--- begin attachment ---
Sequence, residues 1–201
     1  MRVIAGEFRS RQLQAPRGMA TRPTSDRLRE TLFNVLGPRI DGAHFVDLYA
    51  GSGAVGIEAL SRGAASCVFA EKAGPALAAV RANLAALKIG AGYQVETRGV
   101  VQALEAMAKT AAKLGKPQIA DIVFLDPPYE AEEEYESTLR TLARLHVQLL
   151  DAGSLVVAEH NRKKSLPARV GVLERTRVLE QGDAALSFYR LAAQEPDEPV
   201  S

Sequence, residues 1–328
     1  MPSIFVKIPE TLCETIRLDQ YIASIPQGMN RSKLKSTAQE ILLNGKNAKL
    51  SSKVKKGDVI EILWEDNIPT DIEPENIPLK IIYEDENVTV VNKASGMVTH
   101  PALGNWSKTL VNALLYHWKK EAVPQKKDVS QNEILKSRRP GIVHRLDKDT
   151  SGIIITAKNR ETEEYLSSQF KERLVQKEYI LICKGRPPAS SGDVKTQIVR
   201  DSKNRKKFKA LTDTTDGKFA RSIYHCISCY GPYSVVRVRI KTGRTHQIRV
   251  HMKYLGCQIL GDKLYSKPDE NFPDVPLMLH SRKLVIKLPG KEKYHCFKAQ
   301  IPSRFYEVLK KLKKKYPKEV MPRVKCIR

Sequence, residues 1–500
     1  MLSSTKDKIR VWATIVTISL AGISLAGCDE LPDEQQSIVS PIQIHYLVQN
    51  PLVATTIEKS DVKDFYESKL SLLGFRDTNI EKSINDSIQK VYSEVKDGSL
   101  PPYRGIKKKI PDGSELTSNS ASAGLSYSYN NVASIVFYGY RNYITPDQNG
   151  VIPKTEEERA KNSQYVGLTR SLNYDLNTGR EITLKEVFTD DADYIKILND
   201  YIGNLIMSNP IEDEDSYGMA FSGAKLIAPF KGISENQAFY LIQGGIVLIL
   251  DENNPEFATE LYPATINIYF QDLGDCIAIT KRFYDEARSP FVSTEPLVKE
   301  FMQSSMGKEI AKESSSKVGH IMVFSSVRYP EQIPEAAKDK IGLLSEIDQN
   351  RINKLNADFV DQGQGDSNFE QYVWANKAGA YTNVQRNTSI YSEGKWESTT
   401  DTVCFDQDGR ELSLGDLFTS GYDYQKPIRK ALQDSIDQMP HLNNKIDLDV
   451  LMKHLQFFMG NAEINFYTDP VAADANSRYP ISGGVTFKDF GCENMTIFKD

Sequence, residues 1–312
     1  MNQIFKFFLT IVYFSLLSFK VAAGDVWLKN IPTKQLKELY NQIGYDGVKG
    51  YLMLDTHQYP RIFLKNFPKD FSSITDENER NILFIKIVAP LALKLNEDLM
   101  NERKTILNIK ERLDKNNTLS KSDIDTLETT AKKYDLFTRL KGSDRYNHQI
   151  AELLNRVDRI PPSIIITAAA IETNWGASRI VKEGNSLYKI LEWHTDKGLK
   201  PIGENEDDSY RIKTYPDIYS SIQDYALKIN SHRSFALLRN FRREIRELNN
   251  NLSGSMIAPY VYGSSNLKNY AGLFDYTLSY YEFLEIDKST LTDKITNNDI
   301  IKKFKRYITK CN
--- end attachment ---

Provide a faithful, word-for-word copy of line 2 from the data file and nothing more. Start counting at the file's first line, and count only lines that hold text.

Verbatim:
     1  MRVIAGEFRS RQLQAPRGMA TRPTSDRLRE TLFNVLGPRI DGAHFVDLYA